Fortunes 2021: Michael Bloomberg, CEO, Bloomberg
His political career seemingly permanently in the rearview mirror, these days the media baron spends considerable time and money helping save the planet.
At the recent Cop26 in Glasgow, Michael Bloomberg put his best foot forward. “Our new goal is to close a quarter of the world’s existing plants by 2025 and cancel all  proposed coal plants as well. American cities are going to cut down on emissions by 50% by 2030.”
The 79-year-old is also a backer of the Earthshot Prize, whose inaugural winners were announced in November and included the City of Milan, the first major city to enforce a city-wide food waste policy, and Bahamas-based Coral Vita, which grows coral on land to replant in oceans.
The life of Michael Bloomberg has been a rich one in many senses. He grew up in the Boston suburb of Medford in a family of modest means, excelled at school and went on to graduate from Johns Hopkins and Harvard.
The Boston native’s fortune went from $55 billion in September 2020 to $70 billion at the same point this year, a jump of 27% in one year
In the late '60s Bloomberg moved to the Big Apple, eventually becoming a general partner at Salomon Brothers, a large Wall Street investment bank. When Salomon Brothers was taken over in 1981, Bloomberg left with a golden handshake of $10 million, money he used to construct his media and finance empire.
More recently, he was New York’s mayor from 2002 to 2013 and an unsuccessful 2020 Democratic primary candidate.
Fortune in full bloom
According to Forbes, The Boston native’s fortune went from $55 billion in September 2020 to $70 billion at the same point this year, a jump of 27% in one year. And while this figure is undoubtedly impressive, it pales when compared with Jeff Bezos and Elon Musk, whose wealth has been padded to the tune of $79 billion and $184 billion respectively over the same period. Yet while the other two have started investing more in the fight to protect the environment, Bloomberg was doing it long before it was de rigueur.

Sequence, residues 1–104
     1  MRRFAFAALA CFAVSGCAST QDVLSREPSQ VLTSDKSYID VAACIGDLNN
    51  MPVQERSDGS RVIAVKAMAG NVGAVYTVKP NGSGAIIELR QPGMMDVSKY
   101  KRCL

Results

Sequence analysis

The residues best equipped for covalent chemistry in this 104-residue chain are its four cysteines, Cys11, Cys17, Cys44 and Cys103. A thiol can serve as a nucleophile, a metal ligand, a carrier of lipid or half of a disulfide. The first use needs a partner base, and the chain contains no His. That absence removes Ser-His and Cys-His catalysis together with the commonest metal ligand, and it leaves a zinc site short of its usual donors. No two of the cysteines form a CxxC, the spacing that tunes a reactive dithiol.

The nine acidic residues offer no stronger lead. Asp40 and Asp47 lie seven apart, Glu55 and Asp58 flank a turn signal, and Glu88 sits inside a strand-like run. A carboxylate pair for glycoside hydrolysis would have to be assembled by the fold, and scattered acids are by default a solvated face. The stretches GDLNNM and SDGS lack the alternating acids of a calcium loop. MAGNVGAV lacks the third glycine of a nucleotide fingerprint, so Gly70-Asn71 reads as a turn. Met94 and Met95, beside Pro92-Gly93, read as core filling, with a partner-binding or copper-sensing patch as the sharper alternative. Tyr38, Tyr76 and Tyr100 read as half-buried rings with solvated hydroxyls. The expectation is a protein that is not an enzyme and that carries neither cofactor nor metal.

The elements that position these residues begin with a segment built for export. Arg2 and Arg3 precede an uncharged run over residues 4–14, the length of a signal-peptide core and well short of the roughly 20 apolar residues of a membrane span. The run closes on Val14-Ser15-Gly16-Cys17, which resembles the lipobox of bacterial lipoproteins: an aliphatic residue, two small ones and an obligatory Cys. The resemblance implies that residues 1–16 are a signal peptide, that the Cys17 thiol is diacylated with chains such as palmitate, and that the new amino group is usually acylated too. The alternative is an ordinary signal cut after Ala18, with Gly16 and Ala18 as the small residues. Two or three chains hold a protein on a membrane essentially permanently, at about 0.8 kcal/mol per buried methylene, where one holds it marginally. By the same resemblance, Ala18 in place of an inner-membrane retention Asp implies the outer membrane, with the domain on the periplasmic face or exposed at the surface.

During his time as mayor of New York, he put in place a plan to reduce carbon emissions in the city by 30% by 2030, a target his successor, Bill de Blasio has committed to working towards. During his time in office, he instructed the city to begin the gargantuan task of renovating Manhattan’s skyscrapers to make them more energy efficient. The Bloomberg years also saw the planting of a million new trees and a toll levied on vehicles entering Manhattan.
The success of the environmental policies enacted during his time as mayor of the Big Apple has given New York’s richest man the impetus to dream bigger. Via Bloomberg Philanthropies, he supports worthy causes in the arts, education, public health and disaster relief, among others.
In December, the organization pledged $750 million to expand the network of charter schools in 20 US cities. Bloomberg believes these independent school, established by teachers, parents or community groups, offer a better prospect of educational advancement than public schools.
“The future of our country depends on bold changes to education,” Bloomberg has said. Looking to the future, and helping safeguard it, might be the Mike Bloomberg philosophy.
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